A lot of people don’t think they need a will, thinking it’s only needed if you are close to passing away or if you are extremely wealthy. However, creating a will is an important and responsible thing to do, no matter your financial circumstance or health.
Distribute Your Assets How You Want Instead Of The Government Deciding For You
Think about it: you’ve worked your entire life to raise money and acquire assets for the support and enjoyment of yourself and the ones you love. If you pass away without a will, all of the wealth you accrued over your life shall be distributed according to a default statutory scheme called “intestate succession.” Intestate succession is like a “default will” the government assigns to you if you don’t create your own will. In Colorado, It will pass your estate to your closest living family family, beginning with your children and spouse, and if they cannot take then it will keep looking for more distant relatives to give your wealth to, such as parents, brothers and sisters, grandparents etc.
While intestate succession may reflect the wishes of some, it may do the exact opposite of what you actually want. You might want a child to receive nothing from your estate because they are an estranged family member, or perhaps you want to support them but don’t trust that family member to receive all your wealth with no strings attached.
You have a fundamental right to control how your wealth is to be distributed when you pass away, and a will provides a foundation through which you can establish that control. If you don’t, the government will assume what you wanted through intestate succession.
Putting Someone You Trust In Charge Of Your Estate
Aside from distributing your estate to people or entities you care about, another important benefit a will provides is choosing who should be responsible for wrapping up your estate. This person who is assigned to manage your estate when you pass in Colorado is usually called a personal representative, but they sometimes go by other names such as an executor or executrix. By creating a will, you can choose someone you trust to be the personal representative, whether that is your spouse, another close friend or family member, or even a professional service to perform that role.
However, if you pass away without a will, a probate court will have to decide who should fill this role. Maybe they will make the right decision, but no one knows better than you who should be responsible for settling your estate.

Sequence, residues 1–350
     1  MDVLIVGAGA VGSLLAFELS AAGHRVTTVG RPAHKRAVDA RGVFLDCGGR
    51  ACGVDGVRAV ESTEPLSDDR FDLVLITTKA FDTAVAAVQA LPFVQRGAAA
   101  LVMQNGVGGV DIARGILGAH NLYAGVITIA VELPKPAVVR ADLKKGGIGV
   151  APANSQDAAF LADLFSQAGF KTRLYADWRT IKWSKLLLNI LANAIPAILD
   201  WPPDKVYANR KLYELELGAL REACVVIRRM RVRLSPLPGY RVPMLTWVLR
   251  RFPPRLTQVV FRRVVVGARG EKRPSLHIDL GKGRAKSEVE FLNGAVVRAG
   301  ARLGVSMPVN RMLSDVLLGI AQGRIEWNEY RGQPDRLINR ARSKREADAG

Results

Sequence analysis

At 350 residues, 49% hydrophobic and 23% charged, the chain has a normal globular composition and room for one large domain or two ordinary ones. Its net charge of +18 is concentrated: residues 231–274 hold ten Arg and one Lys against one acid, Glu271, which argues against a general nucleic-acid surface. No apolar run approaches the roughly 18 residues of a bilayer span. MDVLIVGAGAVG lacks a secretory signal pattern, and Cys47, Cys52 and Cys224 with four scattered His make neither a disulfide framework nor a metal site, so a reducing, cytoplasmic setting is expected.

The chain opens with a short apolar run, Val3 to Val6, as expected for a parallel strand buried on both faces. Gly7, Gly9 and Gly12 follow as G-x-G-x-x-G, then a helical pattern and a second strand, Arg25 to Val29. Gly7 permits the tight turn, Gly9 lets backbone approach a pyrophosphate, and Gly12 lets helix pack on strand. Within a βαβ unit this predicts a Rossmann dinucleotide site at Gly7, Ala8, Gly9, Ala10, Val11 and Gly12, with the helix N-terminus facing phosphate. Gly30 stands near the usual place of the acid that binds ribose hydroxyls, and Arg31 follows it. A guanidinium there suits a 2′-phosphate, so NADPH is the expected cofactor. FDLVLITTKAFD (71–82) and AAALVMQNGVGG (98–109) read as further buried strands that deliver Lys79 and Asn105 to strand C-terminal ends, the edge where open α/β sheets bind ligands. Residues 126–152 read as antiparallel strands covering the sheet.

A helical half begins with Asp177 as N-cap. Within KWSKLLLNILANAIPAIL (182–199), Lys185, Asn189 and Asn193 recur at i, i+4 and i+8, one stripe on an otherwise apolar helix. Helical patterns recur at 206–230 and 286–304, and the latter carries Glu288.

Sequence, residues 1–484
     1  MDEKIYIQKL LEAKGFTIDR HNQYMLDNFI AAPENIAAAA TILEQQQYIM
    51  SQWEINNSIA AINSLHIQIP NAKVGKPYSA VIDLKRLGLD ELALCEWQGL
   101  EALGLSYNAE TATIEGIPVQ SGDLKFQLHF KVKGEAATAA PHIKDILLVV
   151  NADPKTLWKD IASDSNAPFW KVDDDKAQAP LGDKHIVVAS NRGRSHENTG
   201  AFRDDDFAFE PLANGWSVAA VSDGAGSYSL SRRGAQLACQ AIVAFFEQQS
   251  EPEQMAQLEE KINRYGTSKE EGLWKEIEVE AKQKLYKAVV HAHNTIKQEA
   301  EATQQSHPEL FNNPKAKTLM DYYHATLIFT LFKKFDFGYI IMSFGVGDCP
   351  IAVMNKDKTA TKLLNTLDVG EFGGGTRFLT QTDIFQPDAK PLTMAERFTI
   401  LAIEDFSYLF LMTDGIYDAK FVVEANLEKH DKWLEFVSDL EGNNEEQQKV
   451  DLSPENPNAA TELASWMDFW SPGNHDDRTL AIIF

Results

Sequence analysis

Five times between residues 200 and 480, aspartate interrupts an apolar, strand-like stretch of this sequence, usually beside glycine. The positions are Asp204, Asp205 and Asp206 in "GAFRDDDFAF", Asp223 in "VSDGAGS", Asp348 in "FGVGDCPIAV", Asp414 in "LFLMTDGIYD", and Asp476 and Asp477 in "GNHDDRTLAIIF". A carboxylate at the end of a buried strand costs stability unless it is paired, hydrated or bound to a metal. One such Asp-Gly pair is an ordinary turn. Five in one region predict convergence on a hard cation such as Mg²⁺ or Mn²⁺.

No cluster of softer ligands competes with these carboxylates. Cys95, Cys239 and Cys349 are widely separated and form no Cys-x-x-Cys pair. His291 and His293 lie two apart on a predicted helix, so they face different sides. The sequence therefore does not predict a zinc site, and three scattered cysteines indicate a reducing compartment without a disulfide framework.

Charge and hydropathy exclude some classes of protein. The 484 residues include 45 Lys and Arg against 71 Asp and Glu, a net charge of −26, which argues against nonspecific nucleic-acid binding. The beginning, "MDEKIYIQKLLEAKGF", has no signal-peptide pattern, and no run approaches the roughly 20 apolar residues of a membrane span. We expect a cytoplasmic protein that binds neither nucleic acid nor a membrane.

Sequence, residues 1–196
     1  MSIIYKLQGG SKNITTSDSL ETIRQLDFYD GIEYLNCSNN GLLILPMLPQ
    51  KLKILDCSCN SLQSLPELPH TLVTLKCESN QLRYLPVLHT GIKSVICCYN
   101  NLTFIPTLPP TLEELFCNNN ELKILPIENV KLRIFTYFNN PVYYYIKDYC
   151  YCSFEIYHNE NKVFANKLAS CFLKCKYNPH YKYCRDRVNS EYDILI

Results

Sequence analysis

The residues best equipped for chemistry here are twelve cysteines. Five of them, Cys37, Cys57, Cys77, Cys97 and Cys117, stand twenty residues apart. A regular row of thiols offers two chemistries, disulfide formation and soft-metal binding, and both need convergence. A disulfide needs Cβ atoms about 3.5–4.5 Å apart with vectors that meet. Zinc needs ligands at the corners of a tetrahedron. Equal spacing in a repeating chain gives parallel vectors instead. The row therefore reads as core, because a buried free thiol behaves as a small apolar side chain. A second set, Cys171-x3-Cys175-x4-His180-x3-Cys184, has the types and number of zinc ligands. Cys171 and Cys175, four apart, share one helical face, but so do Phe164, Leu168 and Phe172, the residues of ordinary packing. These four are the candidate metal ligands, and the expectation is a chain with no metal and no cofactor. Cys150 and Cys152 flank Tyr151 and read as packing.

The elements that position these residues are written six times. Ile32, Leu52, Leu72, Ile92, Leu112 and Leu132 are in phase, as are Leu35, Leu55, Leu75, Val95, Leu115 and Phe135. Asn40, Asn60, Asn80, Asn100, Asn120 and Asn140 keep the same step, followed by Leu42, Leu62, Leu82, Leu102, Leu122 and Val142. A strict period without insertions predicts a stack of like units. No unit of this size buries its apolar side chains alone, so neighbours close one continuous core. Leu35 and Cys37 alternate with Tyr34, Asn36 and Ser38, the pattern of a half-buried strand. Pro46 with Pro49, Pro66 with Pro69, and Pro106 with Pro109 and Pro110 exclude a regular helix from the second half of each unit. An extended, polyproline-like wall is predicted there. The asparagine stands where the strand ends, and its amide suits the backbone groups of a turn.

Protecting Your Children
If you have any minor children, you should strongly consider making a will to protect your kids. Not only can you make sure they are provided for by your estate, but you can also assign a guardian for your children in case you pass away.
Similar to how intestate succession is described above, a court might have to decide who should look after your children if you pass away without stating your wishes in a will. Even if you have no care in the world for how your estate should be distributed, making sure your children are protected is enough reason in and of itself to create a will.
Avoid Family Conflict And Bring Peace Of Mind
If you have experienced the grief of a close loved one passing away, you know it is hard for you and everyone else who was close to that loved one. Creating a will helps prevent even more tension from forming, as it makes your last wishes clear and avoid any conflict which may arise between family members. Depending on family dynamics, a loved one passing away may create conflict between beneficiaries of the estate if there are no clear instructions laid out in a will. Tense family dynamics combined with a wealthy family member passing away can be a recipe for disaster during a time that is already sensitive; a well-drafted will can alleviate these tensions by making a set of instructions known that are legally enforceable by a court.
Who Can Create A Will?
Generally speaking, in Colorado as long as you are 18 years or older, you can make a will. One important caveat is that at the time you sign and execute your will, you need to be of sound mind and be able to understand that you are creating a will and what it does. This often isn’t a problem, but it can be if the person trying to create a will is suffering from mental or health deterioration such as Alzheimer’s or dementia symptoms at the time they try to sign.
Talk To One Of Our Estate Planning Lawyers Today
Anzen Legal Group creates comprehensive estate plans, including wills, for our clients. If you would like to schedule a free consultation to decide what kind of estate plan is right for you, call our office at 970-893-8857 or schedule an appointment.